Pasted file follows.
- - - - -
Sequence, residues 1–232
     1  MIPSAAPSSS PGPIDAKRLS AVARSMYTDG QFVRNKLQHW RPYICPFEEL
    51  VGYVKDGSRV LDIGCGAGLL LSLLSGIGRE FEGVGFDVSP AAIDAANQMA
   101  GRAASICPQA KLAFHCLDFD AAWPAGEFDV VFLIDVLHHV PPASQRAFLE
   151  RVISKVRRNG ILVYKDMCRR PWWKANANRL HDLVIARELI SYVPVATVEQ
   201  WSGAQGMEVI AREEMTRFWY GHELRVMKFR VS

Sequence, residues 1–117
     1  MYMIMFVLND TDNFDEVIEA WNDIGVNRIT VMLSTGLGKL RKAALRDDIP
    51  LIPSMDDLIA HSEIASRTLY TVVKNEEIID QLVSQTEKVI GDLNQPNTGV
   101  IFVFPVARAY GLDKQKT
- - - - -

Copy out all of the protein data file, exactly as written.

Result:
Sequence, residues 1–232
     1  MIPSAAPSSS PGPIDAKRLS AVARSMYTDG QFVRNKLQHW RPYICPFEEL
    51  VGYVKDGSRV LDIGCGAGLL LSLLSGIGRE FEGVGFDVSP AAIDAANQMA
   101  GRAASICPQA KLAFHCLDFD AAWPAGEFDV VFLIDVLHHV PPASQRAFLE
   151  RVISKVRRNG ILVYKDMCRR PWWKANANRL HDLVIARELI SYVPVATVEQ
   201  WSGAQGMEVI AREEMTRFWY GHELRVMKFR VS

Sequence, residues 1–117
     1  MYMIMFVLND TDNFDEVIEA WNDIGVNRIT VMLSTGLGKL RKAALRDDIP
    51  LIPSMDDLIA HSEIASRTLY TVVKNEEIID QLVSQTEKVI GDLNQPNTGV
   101  IFVFPVARAY GLDKQKT